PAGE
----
ISDA and Sifma filed lawsuits on December 2, challenging the Commodity Futures Trading Commissions position-limits rule, which aims to cap speculation in commodities by limiting the amounts that can be held.
The rule sets CFTC-administered limits on speculative positions in 28 core commodity futures contracts.
This will happen in two phases.
First, spot-month limits will be 25% of the deliverable supply, and, second, limits will then be set for positions in all non-spot contract months after one year of open interest data has been collated.
These limits will be 10% of the contract's first 25,000 of open interest and 2.5% thereafter.
The position-limits rule was passed by CFTC after several delays and after a split vote on October 18.
The CFTC has five commissioners: chairman Gary Gensler, Jill Sommers, Bart Chilton, Scott OMalia and Mark Wetjen (who replaced Michael Dunn in late October after the vote had taken place).
Gensler and Chilton voted for the rule, with OMalia and Sommers dissenting. Dunn voted in favour but commented:
Position limits, at best a cure for a disease that does not exist... may harm the very markets were trying to protect.
ISDA and Sifma claim that he only voted for the rule:
because of his misreading of the law.
By resorting to the courts, ISDA and Sifma are upping the ante on the issue and illustrating the extent to which the dysfunction in the markets is increasing the pressure between participants and regulators.
Conrad Voldstad, chief executive at ISDA, and its executive vice-chairman Robert Pickel stated:
This marks the first time ISDA has ever sued anyone, much less a regulator. It was a step that we debated extensively. After all the progress ISDA and our members have made in creating safer, more efficient markets, we did not want to give anyone the impression that we are against meaningful regulatory reform.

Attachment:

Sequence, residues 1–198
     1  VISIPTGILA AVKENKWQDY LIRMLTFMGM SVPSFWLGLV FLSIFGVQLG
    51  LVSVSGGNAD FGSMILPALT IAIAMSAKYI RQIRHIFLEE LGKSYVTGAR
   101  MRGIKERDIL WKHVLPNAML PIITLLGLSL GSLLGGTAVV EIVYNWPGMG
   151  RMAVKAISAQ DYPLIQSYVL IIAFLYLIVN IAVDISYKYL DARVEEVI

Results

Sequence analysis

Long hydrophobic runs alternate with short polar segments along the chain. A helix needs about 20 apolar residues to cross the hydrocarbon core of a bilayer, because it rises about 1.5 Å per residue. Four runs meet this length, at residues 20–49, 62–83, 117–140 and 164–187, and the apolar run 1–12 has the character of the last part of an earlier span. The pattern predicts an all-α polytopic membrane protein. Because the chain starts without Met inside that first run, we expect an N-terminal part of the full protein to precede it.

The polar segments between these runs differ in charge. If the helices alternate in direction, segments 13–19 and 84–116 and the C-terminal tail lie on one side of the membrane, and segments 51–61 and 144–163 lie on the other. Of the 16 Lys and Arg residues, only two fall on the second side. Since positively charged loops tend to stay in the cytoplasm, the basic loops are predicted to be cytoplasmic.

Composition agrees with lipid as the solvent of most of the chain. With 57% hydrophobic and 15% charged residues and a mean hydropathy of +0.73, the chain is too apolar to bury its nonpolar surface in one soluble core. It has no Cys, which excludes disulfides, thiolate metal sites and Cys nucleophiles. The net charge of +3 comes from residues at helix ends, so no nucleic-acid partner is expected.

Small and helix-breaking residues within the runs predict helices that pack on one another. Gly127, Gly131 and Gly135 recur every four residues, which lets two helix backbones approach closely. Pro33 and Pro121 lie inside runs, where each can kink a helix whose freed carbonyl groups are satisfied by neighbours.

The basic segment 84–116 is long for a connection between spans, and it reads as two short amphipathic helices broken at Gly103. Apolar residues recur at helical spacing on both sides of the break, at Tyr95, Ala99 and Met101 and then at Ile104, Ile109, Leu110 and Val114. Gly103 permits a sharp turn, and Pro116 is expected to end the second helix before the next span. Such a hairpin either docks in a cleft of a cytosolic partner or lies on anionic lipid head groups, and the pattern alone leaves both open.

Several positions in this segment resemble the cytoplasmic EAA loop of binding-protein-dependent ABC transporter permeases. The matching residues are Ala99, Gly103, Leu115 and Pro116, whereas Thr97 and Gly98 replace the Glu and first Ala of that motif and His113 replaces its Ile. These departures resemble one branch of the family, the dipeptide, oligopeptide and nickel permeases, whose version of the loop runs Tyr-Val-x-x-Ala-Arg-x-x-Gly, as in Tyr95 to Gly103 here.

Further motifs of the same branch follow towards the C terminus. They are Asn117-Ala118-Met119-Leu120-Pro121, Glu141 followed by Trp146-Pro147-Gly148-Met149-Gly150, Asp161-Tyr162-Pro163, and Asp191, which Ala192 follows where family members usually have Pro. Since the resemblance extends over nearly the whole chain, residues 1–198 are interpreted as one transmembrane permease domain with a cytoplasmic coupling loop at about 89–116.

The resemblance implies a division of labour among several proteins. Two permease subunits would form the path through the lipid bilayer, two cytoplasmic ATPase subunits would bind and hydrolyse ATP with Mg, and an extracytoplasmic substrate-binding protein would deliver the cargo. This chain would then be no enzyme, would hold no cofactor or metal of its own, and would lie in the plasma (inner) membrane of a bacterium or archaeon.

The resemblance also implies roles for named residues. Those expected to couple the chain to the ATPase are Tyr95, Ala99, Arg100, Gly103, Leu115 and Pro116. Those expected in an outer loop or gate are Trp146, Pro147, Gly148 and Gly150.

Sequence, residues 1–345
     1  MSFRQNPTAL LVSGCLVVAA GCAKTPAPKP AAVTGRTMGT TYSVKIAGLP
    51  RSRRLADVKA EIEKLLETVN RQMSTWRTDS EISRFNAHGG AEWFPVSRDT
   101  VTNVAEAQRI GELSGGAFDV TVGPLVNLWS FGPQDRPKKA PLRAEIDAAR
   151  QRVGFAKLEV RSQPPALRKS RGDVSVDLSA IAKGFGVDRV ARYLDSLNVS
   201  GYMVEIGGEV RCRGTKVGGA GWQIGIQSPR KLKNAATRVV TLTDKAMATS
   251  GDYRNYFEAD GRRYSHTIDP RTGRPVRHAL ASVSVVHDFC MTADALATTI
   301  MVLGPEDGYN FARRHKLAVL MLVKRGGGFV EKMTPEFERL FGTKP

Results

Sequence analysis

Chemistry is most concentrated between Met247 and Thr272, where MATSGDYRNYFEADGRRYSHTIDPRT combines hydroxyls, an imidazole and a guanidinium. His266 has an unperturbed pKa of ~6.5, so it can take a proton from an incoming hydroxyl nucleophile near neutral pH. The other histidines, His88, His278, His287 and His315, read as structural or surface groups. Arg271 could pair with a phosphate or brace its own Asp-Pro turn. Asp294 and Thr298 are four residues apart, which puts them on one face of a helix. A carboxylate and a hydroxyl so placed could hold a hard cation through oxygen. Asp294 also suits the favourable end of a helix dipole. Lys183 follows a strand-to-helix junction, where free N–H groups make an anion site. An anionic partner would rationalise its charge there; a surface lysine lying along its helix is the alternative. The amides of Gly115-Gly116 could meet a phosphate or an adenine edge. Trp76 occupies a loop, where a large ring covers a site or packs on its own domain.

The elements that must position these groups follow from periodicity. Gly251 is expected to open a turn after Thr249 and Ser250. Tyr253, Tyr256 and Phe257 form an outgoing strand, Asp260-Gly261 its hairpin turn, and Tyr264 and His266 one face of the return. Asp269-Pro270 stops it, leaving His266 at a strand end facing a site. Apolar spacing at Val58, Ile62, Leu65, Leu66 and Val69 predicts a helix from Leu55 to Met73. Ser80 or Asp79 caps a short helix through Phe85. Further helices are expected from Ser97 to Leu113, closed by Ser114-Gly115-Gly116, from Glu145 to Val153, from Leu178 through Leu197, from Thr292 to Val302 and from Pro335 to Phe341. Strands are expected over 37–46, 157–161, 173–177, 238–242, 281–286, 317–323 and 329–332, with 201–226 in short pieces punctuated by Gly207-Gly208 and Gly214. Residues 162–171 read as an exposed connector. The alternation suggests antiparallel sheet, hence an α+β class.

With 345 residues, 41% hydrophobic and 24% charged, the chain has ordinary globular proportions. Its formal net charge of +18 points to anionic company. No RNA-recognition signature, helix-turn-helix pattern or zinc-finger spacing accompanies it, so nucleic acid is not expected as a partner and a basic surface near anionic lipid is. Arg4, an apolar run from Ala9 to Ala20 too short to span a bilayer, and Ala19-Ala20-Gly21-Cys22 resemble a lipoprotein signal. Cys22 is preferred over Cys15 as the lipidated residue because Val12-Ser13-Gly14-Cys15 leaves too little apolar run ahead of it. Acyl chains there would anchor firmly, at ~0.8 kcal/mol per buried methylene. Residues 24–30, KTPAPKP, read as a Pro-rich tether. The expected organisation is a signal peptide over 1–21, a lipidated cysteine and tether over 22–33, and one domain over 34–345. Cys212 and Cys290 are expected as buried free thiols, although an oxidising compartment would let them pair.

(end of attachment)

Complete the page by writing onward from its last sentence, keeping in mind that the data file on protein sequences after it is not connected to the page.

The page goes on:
The lawsuit states that the position-limits rule should be invalidated because CFTC: concluded that Dodd-Frank required it to establish position limits without first determining whether they were necessary; did not present a reasoned analysis or consider all evidence before setting position limits; and did not conduct an adequate cost-benefit analysis as required by law.
Unfortunately the position limits rule as adopted by the CFTC was poorly crafted based on an incorrect reading of the law and absent any sound economic or cost benefit analysis, ISDA and Sifma claim. "The evidence is overwhelming that position limits are at best unnecessary and may, at worst, negatively impact commodity markets and users.
The associations are aware their move is essentially the last roll of the dice.
Could we not have voiced our concerns with the CFTC? The truth is, we should have and we did, say Voldstad and Pickel. We joined thousands of other commenters and submitted several separate letters to the CFTC on position limits. When we filed the legal challenge, the position limits rule was in final form. The decision about the rule had been made. It was not going to be changed with further dialogue.
The associations want an injunction on the effectiveness of the rule, and instructions from the court to instruct the CFTC prove that position limits are necessary, that they structure position limits that suit each commodity separately and that the cost of implementation does not exceed any supposed benefits.
To find out whether they will achieve this will now take months of expensive litigation.